Planted trees contribute to stand development in highly disturbed areas, but if resources are limited, assisted natural regeneration alone can often be sufficient to boost recovery.

After 20 years, the average height of most planted species ranges between 5 to 20 m, and average mortality across species is leveling off. The survival indicates that planting 300-400 seedlings per ha is appropriate to eventually achieve a stem density of large trees (ca 25 trees per ha >60 cm dbh) comparable with a pristine forest.

However, the seedling density and species composition will affect the result and could be adjusted depending on the restoration goal (see points 2 and 4). We also see that at the plot level, planted trees increase the tree species richness of the restored forest and more so in more disturbed forests were planted plots had about 35% higher dipterocarp richness.

After 15-25 years, some species have reached a reproductive size and are contributing to new stand regeneration. When forests are least disturbed - with enough overstory trees left after logging and fire - the forest can develop positively with assisted natural regeneration only.

Our observations show that even with enrichment in the moderately disturbed forest, the associated 10-year period of assisted natural regeneration gives the highest benefit during the first 20 years.

Still, we believe that the benefit of enrichment will increase as more of the planted trees reach the canopy of pioneer trees. The level of disturbance that justifies enrichment planting over assisted natural regeneration in the long term is currently unknown. This would be one of the most important issues we could address with continued research in the project.

Tree diversity matters for broader biodiversity

We have also found that the different tree species vary in their contribution to broader biodiversity. In a case study with beetles (coleopteran) we found that beetle richness in the canopy of planted trees varied threefold, and that it would take at least 48 different tree species to cover most of the beetle diversity associated with these trees.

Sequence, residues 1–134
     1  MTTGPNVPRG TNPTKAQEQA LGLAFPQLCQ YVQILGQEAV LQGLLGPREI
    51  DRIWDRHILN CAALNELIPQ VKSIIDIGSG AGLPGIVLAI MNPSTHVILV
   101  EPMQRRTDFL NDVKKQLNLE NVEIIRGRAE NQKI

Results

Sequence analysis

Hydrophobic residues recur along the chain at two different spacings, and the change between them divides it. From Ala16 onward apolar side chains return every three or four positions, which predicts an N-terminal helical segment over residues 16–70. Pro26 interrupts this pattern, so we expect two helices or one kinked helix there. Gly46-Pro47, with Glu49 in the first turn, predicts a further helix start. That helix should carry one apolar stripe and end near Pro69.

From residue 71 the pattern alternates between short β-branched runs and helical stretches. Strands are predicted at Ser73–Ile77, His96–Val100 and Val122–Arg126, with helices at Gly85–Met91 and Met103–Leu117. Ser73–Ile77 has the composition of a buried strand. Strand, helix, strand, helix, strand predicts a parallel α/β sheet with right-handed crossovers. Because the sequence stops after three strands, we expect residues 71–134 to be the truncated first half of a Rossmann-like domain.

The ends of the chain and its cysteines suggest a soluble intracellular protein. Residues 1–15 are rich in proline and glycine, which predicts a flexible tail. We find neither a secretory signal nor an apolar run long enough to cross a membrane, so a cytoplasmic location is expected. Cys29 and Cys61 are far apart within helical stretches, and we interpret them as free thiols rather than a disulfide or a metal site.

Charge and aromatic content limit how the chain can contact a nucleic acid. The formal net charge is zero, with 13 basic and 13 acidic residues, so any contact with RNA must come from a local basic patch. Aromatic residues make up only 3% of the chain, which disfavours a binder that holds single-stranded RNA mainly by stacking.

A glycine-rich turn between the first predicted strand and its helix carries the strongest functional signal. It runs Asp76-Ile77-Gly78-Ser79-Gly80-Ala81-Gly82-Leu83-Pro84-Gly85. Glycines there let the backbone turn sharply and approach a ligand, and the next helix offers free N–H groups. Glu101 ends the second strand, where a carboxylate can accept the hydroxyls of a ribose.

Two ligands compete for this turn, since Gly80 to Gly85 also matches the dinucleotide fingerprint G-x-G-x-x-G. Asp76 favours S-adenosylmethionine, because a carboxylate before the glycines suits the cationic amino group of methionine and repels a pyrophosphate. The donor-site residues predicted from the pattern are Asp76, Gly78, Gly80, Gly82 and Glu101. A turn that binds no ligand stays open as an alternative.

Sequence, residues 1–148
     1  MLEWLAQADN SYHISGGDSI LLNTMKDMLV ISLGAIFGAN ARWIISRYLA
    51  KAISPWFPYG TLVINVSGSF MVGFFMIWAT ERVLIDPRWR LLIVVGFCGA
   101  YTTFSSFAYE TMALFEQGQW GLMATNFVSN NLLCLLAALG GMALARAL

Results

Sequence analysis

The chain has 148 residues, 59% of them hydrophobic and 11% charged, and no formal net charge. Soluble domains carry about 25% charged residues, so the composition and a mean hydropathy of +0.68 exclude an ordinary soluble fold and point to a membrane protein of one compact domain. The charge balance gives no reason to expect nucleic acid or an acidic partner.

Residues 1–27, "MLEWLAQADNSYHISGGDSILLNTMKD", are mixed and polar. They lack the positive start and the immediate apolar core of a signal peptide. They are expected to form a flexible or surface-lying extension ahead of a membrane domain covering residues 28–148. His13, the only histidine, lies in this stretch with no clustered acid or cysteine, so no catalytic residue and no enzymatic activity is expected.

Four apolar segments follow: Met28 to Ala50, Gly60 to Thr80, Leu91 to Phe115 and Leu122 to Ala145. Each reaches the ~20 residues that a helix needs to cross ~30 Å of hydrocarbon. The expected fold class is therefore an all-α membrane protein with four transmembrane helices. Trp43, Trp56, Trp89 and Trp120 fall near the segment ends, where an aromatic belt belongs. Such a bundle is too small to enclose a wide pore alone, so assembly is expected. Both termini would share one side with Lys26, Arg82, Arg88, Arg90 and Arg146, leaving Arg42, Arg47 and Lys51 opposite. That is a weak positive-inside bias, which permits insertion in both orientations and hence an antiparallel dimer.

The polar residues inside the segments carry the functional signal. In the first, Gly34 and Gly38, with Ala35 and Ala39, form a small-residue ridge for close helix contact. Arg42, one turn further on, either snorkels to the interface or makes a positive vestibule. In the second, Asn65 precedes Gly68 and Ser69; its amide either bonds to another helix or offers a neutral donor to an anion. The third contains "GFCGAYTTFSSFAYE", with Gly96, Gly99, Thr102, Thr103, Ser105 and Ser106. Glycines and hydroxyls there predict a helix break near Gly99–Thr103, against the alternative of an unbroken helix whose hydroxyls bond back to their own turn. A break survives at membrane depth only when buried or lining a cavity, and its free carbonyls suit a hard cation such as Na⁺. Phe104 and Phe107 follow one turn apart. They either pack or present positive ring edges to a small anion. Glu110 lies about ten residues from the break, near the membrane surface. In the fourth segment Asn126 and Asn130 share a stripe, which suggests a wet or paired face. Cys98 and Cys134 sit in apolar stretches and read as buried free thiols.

Species traits are essential, e.g., selecting the fasted growing species will decrease the related diversity.

Genetic variation of native trees is a neglected potential for native reforestation

In addition to the among-species variation, within-species (genetic) variations can be used to enhance the outcome of enrichment planting. The choice of mother trees alone might affect the initial height growth 2-3 fold, but more long-term research is needed.

For now, we suggest that operation restoration maximize genetic variation by seed sourcing from different populations and mother trees. For future development, we have started collecting genetic material in “common garden” experiments, which can also serve as a biobank of rare genetic material for future restoration needs.

Due to the irregular mast fruitings, these are unique for the mixed dipterocarp rainforest and is a valuable resource for the future use of native tree species in the region. We recommend expanding such common gardens to include other important and rare native species.


Ulrik Ilstedt, Researcher
Department of Forest Ecology and Management, Department of Forest Ecology and Management, joint staff, +46907868390, +46701510075